Early Life and Education
Born in Springs, an East Rand mining town outside Johannesburg, Gordimer was educated at a Catholic convent school. From a young age, she began writing, publishing her first stories at age 14. Her first published work was a short story for children, "The Quest for Seen Gold," which appeared in the Children's Sunday Express in 1937; "Come Again Tomorrow," another children's story, appeared in Forum around the same time. At the age of 16, she had her first adult fiction published.
Gordimer studied for a year at the University of the Witwatersrand but decided after a year to move to Johannesburg where she dedicated herself to writing.
First publishing in liberal South African magazines, an important turning point in her career occured in 1951, when the New Yorker accepted Gordimer's story "A Watcher of the Dead", bringing Gordimer's work to an international public. In 1953, she published her first novel, The Lying Days. Since then she has published 10 novels, including A Guest of Honour, The Conservationist, Burger's Daughter, July's People, A Sport of Nature, My Son's Story and None to Accompany Me. She has also published 10 short story collections. Non-fiction: The Essential Gesture; On the Mines; The Black Interpreters.
Nadine Gordimer's subject matter in the past has been the effect of apartheid on the lives of South Africans and the moral and psychological tensions of life in a racially-divided country, which she often wrote about by focusing on oppressed non-white characters. She was an ardent opponent of apartheid and refused to accommodate the system, despite growing up in a community in which it was accepted as normal. Her work has therefore served to chart, over a number of years, the changing response to apartheid in South Africa.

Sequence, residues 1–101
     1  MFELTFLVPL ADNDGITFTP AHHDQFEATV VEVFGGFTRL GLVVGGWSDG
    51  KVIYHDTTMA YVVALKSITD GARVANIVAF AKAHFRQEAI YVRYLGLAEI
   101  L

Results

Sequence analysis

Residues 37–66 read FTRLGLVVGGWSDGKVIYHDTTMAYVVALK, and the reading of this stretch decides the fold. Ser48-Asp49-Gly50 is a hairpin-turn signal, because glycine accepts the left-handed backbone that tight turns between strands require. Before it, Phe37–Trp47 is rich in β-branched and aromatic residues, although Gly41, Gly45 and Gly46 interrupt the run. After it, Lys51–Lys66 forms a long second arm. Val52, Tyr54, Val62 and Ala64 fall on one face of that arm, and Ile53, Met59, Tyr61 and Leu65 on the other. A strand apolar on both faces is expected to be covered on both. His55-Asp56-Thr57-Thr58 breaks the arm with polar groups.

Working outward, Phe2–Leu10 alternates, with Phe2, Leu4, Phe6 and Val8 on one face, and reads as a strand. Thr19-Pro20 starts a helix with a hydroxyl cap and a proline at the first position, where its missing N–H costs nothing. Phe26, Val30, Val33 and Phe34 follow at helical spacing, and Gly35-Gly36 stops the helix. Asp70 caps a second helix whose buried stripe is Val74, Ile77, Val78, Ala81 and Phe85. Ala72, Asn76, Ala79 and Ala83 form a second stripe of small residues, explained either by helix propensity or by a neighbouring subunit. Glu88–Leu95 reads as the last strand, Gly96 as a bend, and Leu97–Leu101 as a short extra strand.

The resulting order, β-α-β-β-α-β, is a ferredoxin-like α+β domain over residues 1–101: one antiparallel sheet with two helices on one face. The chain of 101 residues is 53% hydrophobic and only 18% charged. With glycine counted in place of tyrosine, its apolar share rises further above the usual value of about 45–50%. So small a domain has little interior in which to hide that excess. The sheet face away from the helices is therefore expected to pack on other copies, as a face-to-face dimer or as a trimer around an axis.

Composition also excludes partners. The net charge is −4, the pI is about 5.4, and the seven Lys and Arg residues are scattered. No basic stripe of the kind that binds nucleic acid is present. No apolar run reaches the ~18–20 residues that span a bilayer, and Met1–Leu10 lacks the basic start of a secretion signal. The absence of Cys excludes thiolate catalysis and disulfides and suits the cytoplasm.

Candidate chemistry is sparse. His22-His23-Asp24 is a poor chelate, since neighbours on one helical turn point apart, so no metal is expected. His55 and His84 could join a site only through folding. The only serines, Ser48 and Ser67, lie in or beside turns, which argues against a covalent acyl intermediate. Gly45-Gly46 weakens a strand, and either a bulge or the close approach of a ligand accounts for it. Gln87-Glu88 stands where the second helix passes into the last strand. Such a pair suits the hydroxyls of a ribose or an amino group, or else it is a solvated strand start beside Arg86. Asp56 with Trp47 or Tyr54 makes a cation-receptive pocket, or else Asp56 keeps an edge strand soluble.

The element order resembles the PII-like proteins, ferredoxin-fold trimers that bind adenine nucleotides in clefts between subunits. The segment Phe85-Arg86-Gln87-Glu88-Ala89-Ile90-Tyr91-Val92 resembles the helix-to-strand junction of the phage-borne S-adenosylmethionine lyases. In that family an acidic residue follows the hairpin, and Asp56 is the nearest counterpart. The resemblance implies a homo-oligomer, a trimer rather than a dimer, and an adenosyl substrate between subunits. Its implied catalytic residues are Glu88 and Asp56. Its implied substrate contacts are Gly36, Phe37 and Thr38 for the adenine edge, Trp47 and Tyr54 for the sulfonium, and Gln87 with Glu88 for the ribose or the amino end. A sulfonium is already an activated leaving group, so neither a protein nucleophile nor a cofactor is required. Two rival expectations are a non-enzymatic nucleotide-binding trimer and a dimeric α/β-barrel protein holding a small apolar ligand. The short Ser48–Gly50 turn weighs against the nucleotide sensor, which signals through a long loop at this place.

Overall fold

Gordimer became politically active through her own writings and joining public demonstrations against apartheid from the 1960s onwards. Two of her works were banned by the South African government for their criticism of apartheid (The Late Bourgeois World; A World of Strangers). Other books were censored (Burger's Daughter; Essential Gesture; July's People).
She joined the African National Congress when it was still listed as an illegal organization by the South African government. She hid ANC leaders in her own home to aid their escape from arrest by the government, and she has said that the proudest day of her life was when she testified at the 1986 Delmas Treason Trial on behalf of 22 South African anti-apartheid activists. She also spoke regularly against apartheid during her international travels.
In the post-apartheid period, Gordimer was active in the HIV/AIDS movement; she was critical of the current South African government.
Prizes and Distinctions
Gordimer's talent was recognised early in her career. W. H. Smith Commonwealth Literary Award (England) (1961); James Tait Black Memorial Prize (England) (1972); Booker Prize for The Conservationist (1974); CNA Prize (Central News Agency Literary Award), South Africa (1974, 1975, 1980, 1991); Grand Aigle d'Or (France) (1975); Scottish Arts Council Neil M. Gunn Fellowship (1981); Modern Language Association Award (United States) (1982); Bennett Award (United States) (1987); Premio Malaparte (Italy) (1985); Nelly Sachs Prize (Germany) (1986); Anisfield-Wolf Book Award (1988, A Sport of Nature); Nobel Prize for Literature (1991); Commonwealth Writers' Prize for the Best Book from Africa (2002; for The Pickup); Booker Prize longlist (2001; for The Pickup)
Among honorary degrees: from Yale, Harvard, Columbia, New School for Social Research, USA; University of Leuven, Belgium, University of York (England), Universities of Cape Town and the Witwatersrand (South Africa), Cambridge University (England).
She is a Commandeur de l'Ordre des Arts et des Lettres (France).